and" tempting apparanea i whan rooked,
maka deliciotHi prmerTc and aweat pUk
laa: and are fin for pira. There ia Bath
ing like them. .Extremely early, of the
aaaiest mltnre and very proline, eeTeng
the rroaad with golden frait. They Row
from aeed in 80 day a. A package of (the
aeod will H aeat poatpaid for.iuer
packacea for 25c. . Japaneaa Oiant Had
iah. 10 to SO lba. each: Mammoth Prixa
watermelon. 50 to ISO lb.. each ; Juki bo
Pumpkin, 100 to 800 Iba. each. Yonr
choice of Uieae artetM at luc per par
ket: 3 for 25e; 7 for 50c; postpaid. Cat
aloe free.
S2S-V.P, GAlXaStoKO. MICH. j
Adverse Report Signed by
Fisheries Committee ; of v
Little Avail. ;
ln the face of an adrerseyre-
port' signed by the7-balance of
the house fisheries -committee,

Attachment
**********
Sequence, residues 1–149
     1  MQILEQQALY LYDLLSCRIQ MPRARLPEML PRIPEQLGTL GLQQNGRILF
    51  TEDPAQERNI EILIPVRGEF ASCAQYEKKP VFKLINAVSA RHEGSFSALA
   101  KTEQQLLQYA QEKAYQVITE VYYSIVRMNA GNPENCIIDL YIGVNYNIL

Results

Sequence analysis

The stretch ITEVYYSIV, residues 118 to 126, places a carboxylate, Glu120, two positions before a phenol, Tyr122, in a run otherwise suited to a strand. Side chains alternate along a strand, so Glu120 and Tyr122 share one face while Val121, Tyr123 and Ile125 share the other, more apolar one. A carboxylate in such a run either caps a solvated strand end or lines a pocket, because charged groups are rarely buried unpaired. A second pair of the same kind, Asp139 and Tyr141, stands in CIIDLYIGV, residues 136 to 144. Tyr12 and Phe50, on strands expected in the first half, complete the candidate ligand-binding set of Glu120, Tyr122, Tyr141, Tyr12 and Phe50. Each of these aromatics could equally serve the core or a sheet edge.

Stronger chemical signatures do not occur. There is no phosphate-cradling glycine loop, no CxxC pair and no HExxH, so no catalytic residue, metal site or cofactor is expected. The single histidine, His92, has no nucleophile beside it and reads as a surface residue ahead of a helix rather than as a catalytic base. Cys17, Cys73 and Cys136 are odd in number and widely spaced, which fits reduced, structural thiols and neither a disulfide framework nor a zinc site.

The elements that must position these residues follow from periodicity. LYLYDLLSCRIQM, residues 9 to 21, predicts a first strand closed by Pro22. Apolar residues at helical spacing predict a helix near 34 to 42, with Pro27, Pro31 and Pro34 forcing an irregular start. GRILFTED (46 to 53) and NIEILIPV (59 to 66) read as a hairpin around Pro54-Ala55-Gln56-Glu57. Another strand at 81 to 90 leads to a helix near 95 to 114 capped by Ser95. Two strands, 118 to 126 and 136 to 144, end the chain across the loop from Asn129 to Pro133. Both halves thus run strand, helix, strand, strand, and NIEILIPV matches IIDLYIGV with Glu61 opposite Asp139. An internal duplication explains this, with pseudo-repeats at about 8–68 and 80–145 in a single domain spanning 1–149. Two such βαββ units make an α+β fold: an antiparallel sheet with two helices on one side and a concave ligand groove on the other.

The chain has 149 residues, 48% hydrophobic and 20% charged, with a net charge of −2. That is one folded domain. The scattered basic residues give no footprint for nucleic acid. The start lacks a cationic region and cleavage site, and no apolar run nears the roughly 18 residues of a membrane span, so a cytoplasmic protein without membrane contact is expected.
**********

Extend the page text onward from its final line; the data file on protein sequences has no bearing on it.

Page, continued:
RepreaQntatlre Mott ' of Clatsop
yesterday afternoon succeeded . In
securing -the -passage - of ' house
bill 356 to permit the sale with
in the .state of fish taken with
troll lines outside the three mile
limit. ...... -
During the course of .the de
bate . which lasted ...more than . an
hour, Mott outlined the history
of the 1921 legislation by which
the trollers had ..been legislated
oct of existence with the under
standing that at j this, session ot
the legislature tpey would be
legislated back again. - It . was
to make . good on this , promise,
he said that his bill was - Intro
In defense of the position of
the majority of the fish commit
tee Representatire Watson ot
Tllamook cited letters which ihe
had receired from some of his
constituents urging; him ; to de-
Scat the bill if possible. , . Mott
'In vreply called ; attention 'to the
fact: that "Watson bad lntroducBd